Good morning and welcome to this Committee’s oversight hearing on activities in response to Hurricane Katrina. The EPW Committee has been actively engaged since the hurricane struck land. We have held numerous briefings and a day long stakeholder meeting on actions related to Katrina. In October, we held the first of a two part hearing on the actions of agencies under the jurisdiction of this Committee. EPA, the Army Corps and the Federal Highway Administration testified at that hearing. Today we are holding part two and this one will include the Nuclear Regulatory Commission, the Economic Development Administration, GSA and the Fish and Wildlife Service. We will also hear from the Mayor of New Orleans as well as a business leader and environmental justice expert as they provide their assessment of how all of these agencies, from both the first hearing and this hearing, have responded.
Since I gave a lengthy statement at the start of the first hearing, I will be brief today. There is no doubt that we face many challenges when responding to disasters - in the days leading up to the disaster, the days following and the long term recovery. What happened with Katrina was unprecedented for this country. It is vital that we properly assess the role of the federal government to find out what has worked and what has not worked.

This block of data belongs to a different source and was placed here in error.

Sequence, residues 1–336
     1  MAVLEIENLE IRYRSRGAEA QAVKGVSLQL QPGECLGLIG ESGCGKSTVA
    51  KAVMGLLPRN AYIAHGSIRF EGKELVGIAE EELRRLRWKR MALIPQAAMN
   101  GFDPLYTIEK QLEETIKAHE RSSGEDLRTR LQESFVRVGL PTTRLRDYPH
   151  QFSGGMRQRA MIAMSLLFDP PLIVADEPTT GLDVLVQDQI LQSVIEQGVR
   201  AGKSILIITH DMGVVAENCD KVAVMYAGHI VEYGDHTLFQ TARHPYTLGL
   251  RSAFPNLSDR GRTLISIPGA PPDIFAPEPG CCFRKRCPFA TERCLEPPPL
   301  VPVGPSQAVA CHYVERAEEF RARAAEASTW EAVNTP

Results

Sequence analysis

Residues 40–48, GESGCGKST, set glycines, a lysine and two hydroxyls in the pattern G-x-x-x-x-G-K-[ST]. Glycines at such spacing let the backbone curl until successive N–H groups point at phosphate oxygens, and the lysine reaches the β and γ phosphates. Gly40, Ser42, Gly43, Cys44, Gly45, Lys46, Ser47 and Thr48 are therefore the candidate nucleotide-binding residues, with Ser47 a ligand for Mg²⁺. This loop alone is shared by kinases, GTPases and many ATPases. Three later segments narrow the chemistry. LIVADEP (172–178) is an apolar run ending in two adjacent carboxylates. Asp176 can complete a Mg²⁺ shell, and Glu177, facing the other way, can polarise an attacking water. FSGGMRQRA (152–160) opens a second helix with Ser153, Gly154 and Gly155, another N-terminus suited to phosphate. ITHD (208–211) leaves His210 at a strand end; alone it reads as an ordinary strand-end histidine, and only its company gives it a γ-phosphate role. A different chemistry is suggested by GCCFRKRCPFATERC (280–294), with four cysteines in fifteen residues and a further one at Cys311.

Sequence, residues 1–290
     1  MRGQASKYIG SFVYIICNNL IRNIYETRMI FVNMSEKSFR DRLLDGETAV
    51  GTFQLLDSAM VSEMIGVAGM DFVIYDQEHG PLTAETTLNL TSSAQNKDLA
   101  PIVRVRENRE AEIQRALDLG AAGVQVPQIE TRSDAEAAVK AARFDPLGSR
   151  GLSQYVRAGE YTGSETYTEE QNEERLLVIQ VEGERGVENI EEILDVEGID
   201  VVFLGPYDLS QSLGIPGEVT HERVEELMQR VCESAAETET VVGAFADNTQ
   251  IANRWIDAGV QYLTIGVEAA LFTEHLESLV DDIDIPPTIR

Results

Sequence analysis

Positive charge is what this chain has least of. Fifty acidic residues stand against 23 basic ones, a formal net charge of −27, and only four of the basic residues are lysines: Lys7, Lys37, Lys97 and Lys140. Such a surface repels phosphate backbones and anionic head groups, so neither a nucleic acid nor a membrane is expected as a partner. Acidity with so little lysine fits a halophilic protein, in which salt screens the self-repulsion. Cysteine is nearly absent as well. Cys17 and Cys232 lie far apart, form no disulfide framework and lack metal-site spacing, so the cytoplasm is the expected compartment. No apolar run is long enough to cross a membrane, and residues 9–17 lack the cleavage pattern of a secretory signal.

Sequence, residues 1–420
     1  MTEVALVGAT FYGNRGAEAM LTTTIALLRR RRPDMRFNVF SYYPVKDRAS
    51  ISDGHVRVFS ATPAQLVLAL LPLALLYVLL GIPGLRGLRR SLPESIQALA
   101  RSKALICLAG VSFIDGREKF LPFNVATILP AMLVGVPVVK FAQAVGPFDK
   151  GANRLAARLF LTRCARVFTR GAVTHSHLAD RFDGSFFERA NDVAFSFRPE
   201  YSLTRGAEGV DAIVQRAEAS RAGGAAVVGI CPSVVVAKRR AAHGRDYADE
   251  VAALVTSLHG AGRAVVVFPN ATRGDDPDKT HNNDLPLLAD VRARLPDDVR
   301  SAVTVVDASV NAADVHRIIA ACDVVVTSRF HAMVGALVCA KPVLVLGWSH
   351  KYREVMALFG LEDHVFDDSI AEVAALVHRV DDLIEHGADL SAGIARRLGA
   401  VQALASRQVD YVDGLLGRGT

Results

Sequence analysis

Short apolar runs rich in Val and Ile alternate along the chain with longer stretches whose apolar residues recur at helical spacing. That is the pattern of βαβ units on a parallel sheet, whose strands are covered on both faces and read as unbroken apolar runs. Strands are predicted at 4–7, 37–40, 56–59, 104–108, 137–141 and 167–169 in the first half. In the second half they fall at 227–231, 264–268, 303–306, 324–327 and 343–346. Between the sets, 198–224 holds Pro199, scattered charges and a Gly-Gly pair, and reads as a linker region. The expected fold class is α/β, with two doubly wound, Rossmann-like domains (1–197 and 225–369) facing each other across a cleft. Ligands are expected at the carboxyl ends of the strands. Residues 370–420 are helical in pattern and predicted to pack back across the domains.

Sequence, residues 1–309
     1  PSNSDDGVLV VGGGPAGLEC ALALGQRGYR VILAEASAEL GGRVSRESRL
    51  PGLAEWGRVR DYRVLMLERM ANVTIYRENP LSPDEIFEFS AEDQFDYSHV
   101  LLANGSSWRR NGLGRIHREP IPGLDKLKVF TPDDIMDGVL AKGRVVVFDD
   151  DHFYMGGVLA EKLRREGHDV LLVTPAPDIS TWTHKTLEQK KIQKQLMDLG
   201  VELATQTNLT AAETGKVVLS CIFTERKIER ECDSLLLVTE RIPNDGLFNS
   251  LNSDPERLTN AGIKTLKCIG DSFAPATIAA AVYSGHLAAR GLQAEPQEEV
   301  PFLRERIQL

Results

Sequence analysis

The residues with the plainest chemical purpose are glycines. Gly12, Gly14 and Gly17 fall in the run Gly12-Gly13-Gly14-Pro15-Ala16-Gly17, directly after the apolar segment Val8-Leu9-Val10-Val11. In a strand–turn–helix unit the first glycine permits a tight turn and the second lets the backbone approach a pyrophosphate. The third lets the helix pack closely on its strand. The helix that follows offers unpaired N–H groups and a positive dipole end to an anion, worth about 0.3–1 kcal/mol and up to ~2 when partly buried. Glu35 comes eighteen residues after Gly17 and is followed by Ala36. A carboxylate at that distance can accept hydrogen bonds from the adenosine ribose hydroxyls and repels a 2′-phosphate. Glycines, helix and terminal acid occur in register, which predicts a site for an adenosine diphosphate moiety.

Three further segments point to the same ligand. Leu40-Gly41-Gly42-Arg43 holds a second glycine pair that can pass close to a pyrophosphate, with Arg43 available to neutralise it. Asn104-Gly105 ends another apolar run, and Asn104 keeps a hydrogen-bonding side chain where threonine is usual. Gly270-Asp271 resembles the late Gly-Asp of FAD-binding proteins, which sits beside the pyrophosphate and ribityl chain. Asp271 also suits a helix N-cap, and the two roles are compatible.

While we can look back on the initial response to make judgments, there is still much work to be done. For example, while EDA has not played a major role to date, they may quickly become a major player in both the rebuilding of the Gulf states as well as a possible partner in addressing with the lack of refining capacity that was exploited as a result of the recent hurricanes. I am glad to see Sandy Baruah here representing EDA today. Sandy, it is also my hope that we can get you confirmed soon so that you will no longer have the title “Acting”.
NRC’s role was completed once the hurricane passed and the facilities came back on line. They did a tremendous job of designing and carrying out their action plan. I hope that others can use their preparedness and execution as a model of how to do it right. If we are to have a future with a strong nuclear energy presence, then we have to have confidence in NRC, and they certainly came through the recent disasters with my vote of confidence. I want to welcome Chairman Diaz here this morning and look forward to hearing from him.
The Fish and Wildlife Service went above and beyond the call of duty during Katrina. An agency that is known for taking care of wildlife, quickly became an agency that would rescue people. We should all be proud of their dedication and it is good to see Dale Hall here representing them today.
I also want to welcome David Winstead, who is here representing the Public Building Service of the GSA. Since the storm affected such a large geographic area, the PBS had numerous facilities impacted - more than 3 million square feet of space in 83 facilities.
And, of course, I want to welcome Mayor Nagin and the others who are on the subsequent panels, including Mr. Hines and Dr. Chapital. I want thank them for coming to Washington. Mayor Nagin is a very busy man right now and I do appreciate him making the effort to be here today. I look forward to discussing the issues with them.